Brussels, 30 Mar 2005
Europe needs to double the amount it spends on cancer research, concludes a new survey on the way cancer research is funded across the EU.
The European Cancer Research Funding Survey, funded by the European Commission, has found that EU Member States spend seven times less per person than the US, that there is insufficient funding for preventive and clinical research, and that Europe is weak in its overall support for cancer research, both centrally and at Member State level.
The survey also noted that more than half of European cancer research is funded by the charitable sector, and that there are opportunities for increased collaboration and cooperation both between funders around the EU, and between different research disciplines.
'The EU is massively behind the USA in its support of non-commercial cancer research,' states Richard Sullivan, Chair of the European Cancer Research Managers Forum. 'This gap is a substantial threat to the ability of the EU to translate cancer research into patient benefit. Also threatened is the ability to recruit and retain clinicians and scientists to work in cancer research, as well as the commercial attractiveness of the EU. It would appear that the problem lies both with a lack of central EU funding and with inequality between Member States, with many failing to support cancer researchers adequately in their own countries,' adds Dr Sullivan.
According to the report, the US spends seven times more per person (17.63 euro versus 2.56 euro) and four times more as a percentage of GDP (0.0578 per cent compared to 0.0163 per cent) on cancer research.
The report also shows enormous variations in spending on cancer research across the EU in 2002 and 2003. For example, the UK spent 388 million euro while Malta spent nothing. The European Commission contributed 90 million euro. As a percentage of GDP, the UK spends the most (0.0267 per cent), followed by Sweden, Germany, France and the Netherlands.
According to Dr Sullivan, the Commission and national governments should urgently address the issue of the huge disparity in cancer research funding between Member States. National governments should increase their own funding, and the Commission should review its funding policy and aim to improve coordination and cooperation across the EU.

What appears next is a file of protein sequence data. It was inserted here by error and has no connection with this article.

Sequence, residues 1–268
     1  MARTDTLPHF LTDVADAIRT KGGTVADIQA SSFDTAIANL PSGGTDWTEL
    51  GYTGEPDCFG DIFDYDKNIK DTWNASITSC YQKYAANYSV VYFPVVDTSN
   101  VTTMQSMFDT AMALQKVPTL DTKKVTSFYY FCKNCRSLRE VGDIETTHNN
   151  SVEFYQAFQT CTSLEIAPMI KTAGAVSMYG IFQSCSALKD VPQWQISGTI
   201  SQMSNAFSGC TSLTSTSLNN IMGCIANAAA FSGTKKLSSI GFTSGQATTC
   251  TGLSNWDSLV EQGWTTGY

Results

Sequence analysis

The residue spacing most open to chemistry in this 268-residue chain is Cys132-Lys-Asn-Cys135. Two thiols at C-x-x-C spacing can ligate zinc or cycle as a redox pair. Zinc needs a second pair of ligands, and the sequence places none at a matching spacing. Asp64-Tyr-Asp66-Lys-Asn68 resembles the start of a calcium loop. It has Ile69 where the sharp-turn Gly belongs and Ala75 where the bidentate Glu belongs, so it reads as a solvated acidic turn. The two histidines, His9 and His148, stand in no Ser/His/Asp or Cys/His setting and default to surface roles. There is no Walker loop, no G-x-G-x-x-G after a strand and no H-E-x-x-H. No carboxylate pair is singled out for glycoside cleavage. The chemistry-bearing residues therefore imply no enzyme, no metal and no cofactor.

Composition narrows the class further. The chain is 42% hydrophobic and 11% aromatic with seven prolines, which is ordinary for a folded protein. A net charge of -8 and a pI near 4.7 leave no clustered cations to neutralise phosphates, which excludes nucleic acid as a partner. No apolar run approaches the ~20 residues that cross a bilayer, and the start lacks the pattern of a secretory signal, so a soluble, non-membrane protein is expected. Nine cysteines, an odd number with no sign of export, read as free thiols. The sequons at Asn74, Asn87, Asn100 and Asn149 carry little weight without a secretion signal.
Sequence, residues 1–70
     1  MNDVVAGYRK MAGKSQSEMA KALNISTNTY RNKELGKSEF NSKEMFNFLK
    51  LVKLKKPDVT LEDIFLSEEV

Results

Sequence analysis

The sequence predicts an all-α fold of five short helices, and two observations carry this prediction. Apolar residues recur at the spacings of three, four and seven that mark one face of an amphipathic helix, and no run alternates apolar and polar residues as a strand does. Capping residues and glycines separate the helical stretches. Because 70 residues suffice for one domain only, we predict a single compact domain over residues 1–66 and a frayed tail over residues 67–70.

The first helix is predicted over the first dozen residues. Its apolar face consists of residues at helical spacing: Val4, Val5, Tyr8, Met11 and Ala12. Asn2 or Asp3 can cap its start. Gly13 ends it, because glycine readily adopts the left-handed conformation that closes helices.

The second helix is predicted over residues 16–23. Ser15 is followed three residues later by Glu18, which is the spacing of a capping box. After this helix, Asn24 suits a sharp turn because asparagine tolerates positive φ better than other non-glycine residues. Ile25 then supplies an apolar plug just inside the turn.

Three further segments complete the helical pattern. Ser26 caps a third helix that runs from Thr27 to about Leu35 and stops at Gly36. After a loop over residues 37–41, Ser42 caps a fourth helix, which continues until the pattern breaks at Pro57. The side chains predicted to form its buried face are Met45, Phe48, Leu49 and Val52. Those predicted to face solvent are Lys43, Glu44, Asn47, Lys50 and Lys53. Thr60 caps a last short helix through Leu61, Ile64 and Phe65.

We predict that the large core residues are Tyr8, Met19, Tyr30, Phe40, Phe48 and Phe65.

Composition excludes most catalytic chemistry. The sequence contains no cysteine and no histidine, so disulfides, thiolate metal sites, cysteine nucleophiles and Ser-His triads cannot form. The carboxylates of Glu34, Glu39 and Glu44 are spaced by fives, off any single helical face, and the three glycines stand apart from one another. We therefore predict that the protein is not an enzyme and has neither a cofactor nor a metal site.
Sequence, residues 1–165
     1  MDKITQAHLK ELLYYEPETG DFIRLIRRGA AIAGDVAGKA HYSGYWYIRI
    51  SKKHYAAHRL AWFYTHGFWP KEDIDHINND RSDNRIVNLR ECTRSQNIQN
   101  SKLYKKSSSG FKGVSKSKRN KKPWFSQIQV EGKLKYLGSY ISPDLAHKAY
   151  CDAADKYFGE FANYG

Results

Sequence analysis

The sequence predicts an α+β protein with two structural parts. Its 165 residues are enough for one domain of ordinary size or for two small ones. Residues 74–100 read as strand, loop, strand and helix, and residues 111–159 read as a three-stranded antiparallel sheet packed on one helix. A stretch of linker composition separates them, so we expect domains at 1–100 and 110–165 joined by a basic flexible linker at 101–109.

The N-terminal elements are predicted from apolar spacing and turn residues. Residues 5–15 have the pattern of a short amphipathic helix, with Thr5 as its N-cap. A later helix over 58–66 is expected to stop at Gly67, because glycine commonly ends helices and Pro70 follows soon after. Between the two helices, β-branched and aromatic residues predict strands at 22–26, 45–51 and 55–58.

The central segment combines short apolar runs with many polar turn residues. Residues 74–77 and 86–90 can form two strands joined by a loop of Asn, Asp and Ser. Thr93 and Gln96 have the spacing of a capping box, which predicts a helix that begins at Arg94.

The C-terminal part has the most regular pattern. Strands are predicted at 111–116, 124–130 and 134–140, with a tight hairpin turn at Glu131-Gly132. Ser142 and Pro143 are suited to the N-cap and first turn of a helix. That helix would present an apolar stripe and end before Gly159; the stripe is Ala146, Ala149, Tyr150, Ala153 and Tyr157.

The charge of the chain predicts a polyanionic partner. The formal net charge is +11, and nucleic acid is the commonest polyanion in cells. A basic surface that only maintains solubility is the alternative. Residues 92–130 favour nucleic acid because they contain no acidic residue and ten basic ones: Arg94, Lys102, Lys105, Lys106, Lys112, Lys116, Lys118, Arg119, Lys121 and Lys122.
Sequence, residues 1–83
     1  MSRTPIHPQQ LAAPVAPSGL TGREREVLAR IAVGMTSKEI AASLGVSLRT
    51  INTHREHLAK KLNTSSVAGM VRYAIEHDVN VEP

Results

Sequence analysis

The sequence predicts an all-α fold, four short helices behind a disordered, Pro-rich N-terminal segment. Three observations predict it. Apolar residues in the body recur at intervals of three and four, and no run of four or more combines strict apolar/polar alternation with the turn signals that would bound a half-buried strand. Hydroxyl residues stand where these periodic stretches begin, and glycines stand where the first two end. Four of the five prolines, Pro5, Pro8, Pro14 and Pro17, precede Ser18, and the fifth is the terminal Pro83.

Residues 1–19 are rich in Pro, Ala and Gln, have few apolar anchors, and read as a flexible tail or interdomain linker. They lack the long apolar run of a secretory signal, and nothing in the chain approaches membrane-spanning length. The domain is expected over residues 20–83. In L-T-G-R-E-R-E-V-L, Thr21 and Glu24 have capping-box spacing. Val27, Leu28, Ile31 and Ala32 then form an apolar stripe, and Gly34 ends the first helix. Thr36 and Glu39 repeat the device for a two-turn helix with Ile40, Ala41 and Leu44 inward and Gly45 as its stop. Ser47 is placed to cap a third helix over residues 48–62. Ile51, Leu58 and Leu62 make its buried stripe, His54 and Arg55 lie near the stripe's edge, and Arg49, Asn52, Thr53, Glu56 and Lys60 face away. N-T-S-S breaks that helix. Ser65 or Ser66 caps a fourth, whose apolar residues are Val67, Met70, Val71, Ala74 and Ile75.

'This is a clarion call to the European Commission to increase funding for cancer research. The survey shows that Europe is a second-class continent in terms of cancer research funding. We know that cancer research leads to better cancer care for the patient, and so it is vital that it is properly funded in Europe. I estimate that 10,000 to 20,000 more lives would be saved each year through better patient care if funding for cancer research was increased,' says Gordon McVie, senior consultant to the European Institute of Oncology in Milan.
The survey then goes on to show that the EU concentrates its funding on basic research at the expense of preventive and clinical research. As the report shows, biology receives 41 per cent of all cancer research funding, compared with 20 per cent for treatment and 4 per cent for prevention. In contrast, the US spends 25 per cent on biology, 25 per cent on treatment and nine per cent on prevention.
'Proportionally there is insufficient non-commercial funding for clinical research in Europe. This is worrying, particularly in respect of translational research, and it needs to be addressed urgently; otherwise Europe will fall further behind in the development of novel anti-cancer agents,' says Françoise Meunier, Director General of the European Organisation for Research and Treatment of Cancer (EORTC). 'Likewise, new and more effective non-drug interventions and prognostic markers depend on academic clinical trials for their development.
'We need strong, independent clinical research in Europe that is funded by governmental and charitable organisations. Independent research of this kind can investigate the rarer and harder-to-treat cancers for which new treatments and cures are desperately needed, but which are less attractive for commercial organisations to invest in. The under-funding of clinical cancer research, coupled with a disproportionately burdensome regulatory environment, is seriously damaging European cancer research and its competitiveness. This is bad news for Europe, but more importantly, it is bad news for cancer patients,' added Professor Meunier.
Finally, the report notes the identification of 139 non-commercial sources of funding in the whole of Europe (including accession, associate and applicant states and the European Free Trade Area) and that more than half of European cancer research is funded by the non-profit sector. The report therefore recommends that the charitable sector be recognised as an equal partner in all matters, from European cancer policy development to accessing EU research funding. To access the full European Cancer Research Funding Survey, please visit: http://www.ecrmforum.org/